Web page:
An intelligent and riveting read that packs action and adventure with intellect and science. Add in a healthy dose of witty sarcasm and you have a clever story about a thousands year-old mystery that sparks the interest of not only scientists, priests, and big-brother corporations, alike.

Although the central theme of the book is the “Tree of Life” from the Garden of Eden, the book is not overtly religious and blends that aspect of the story with the scientific well.

I agree with the jacket copy,
Darby Karchut
Jan 12, 2014 rated it it was amazing
4.5 Stars
I really liked the premise of The Other Tree. This book has been compared to The Da Vinci Code meets Indiana Jones and I agree! The adventures Chris, Luke, and Emir survive—often by a wild mix of brains, skill, and luck—kept me turning pages as fast as I could read. But even more than the action scenes, I really enjoyed the philosophical/scientific “debates” woven throughout the story.

D.K. Mok’s writing is subtle and she is a master at dialogue. While there is quite a bit of head hoppin
Amy (Lost in a Good Book)
Mar 11, 2013 rated it really liked it  ·  review of another edition
Shelves: owned
Note: I was provided a copy of this book by the author to review.

The Other Tree is a story that is clever, secretive, and mysterious. It is about two regular people trying to do something extraordinary, driven by determination and personal motives, all the while having a dangerous enemy biting at their heels who is also after the same prize: the Tree of Life. Both parties are after the Tree for very different reasons and we watch as Chris and Luke race against SinaCorp to decipher ancient texts
Kae Cheatham
Jan 02, 2014 rated it liked it
Shelves: spec-fiction
The publisher sent me the download of this book through NetGalley.

D.K. Mok's The Other Tree is a quest novel that follows the predictable format of someone out to find something that seems to be impossible to find. The main protagonist Chris Arlin, is a cryptobotanist, which gives her an academic interest in finding "the other tree." What is this other tree? Well, most folks are familiar with the tree in the Garden of Eden that produce the apple that sent man into exile f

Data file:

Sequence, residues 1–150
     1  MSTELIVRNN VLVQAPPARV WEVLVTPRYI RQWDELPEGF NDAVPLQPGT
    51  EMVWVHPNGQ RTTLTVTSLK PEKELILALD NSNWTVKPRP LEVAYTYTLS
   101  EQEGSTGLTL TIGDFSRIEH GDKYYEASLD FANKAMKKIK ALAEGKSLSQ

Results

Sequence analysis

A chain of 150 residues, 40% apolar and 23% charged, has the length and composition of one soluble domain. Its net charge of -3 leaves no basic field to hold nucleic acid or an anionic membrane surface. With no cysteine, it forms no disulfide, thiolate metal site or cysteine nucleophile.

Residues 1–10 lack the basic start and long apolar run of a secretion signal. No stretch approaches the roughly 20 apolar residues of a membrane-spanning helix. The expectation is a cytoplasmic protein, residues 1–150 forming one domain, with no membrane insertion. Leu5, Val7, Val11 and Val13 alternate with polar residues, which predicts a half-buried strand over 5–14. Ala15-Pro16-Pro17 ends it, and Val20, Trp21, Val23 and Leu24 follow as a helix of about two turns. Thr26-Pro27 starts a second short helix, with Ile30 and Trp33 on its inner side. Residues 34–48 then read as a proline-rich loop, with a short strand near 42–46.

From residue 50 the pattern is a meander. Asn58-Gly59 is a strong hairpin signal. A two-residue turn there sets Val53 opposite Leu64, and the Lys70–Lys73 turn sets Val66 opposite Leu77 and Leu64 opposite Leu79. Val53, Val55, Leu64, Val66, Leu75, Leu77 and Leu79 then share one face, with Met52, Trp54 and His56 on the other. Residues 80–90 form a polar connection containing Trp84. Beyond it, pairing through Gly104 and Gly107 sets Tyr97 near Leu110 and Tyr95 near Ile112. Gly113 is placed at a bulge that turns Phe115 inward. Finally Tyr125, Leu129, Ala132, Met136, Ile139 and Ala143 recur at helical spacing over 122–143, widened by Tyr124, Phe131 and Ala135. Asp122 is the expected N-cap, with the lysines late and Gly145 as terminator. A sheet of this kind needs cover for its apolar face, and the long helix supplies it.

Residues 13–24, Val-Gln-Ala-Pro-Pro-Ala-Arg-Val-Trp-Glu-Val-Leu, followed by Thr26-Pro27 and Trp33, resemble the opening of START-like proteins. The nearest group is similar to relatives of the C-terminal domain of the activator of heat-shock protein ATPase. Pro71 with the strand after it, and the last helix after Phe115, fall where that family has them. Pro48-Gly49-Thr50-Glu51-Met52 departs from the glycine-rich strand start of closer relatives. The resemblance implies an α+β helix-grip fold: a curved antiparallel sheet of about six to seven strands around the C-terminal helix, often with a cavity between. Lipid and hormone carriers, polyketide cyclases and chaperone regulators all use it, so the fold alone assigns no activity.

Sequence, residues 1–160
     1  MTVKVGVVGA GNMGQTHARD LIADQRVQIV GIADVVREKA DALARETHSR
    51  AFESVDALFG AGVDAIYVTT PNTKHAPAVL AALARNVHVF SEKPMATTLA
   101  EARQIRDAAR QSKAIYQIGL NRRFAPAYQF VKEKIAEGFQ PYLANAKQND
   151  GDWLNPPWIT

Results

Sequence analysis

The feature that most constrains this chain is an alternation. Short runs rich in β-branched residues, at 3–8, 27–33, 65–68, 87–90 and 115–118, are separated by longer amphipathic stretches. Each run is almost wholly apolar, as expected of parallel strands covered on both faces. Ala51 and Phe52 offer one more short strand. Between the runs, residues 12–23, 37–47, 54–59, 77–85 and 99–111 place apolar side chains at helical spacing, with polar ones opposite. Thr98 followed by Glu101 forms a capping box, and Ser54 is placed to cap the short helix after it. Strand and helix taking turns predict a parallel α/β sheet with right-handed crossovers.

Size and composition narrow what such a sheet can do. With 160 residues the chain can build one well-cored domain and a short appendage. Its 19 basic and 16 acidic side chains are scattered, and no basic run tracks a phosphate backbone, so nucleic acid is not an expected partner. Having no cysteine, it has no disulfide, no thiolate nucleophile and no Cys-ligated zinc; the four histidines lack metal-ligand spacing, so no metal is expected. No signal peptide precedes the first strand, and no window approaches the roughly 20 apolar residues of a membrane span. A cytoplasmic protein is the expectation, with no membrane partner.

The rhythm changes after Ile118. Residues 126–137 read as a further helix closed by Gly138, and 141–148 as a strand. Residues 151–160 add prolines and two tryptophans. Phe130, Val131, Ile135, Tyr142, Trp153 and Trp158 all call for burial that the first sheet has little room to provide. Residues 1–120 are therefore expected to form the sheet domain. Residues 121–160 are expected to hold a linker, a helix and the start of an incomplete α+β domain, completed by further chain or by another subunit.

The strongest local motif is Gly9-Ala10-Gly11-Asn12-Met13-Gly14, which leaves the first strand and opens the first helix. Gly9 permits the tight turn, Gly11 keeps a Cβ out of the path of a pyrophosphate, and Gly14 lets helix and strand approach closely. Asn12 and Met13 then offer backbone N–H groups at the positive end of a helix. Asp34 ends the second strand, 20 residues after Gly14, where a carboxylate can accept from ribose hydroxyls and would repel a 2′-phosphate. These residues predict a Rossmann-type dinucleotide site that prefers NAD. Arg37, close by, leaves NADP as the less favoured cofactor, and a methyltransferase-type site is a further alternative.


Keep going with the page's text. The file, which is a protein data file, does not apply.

Pop Bop
Jun 06, 2014 rated it really liked it
Shelves: reviewed
A Hokey Plot Elevated By Decent Characters and Flashes of Elegant Writing

This book is good guys racing bad guys to find a mythical wonderful thing. I think the Greeks started that plotline, or maybe it actually was the Sumerians. Doesn't matter. There's a reason why quest fiction is forever. The real issue is what our author does with it.

I almost stopped reading this a few times early on. The heroine's speeches about the eeeevil corporation where just so tinny and shallow that I despaired whethe
Dec 09, 2013 rated it really liked it
eARC provided by Netgalley in exchange for an honest review.

"The Other Tree" is Australian author D.K. Mok's debut novel. Caught somewhere between fantasy and thriller with religious overtones, this books is inevitably going to be compared to blockbusters like "The DaVinci Code". The bonus here is that Mok's writing is almost flawless, and her characters live and breathe (and snark at refreshing intervals) and actually act like real human beings.

Chris Arlin is a cryptobotanist who is approached
Jan 13, 2014 rated it liked it
Chris graduated from university four years ago yet finds herself rooted to the campus. Despite her degree she finds herself undertaking menial tasks with little fulfilment – until, she’s accosted by a corporation that has ties to her mother’s death to aid them on a mission to discover a cure for death; the promise of immortality.

She turns them down only to take up the challenge on her own accord. Wanting to ensure this powerful and world changing discovery doesn’t fall into the wrong hands.

Dion Perry
Oct 11, 2016 rated it really liked it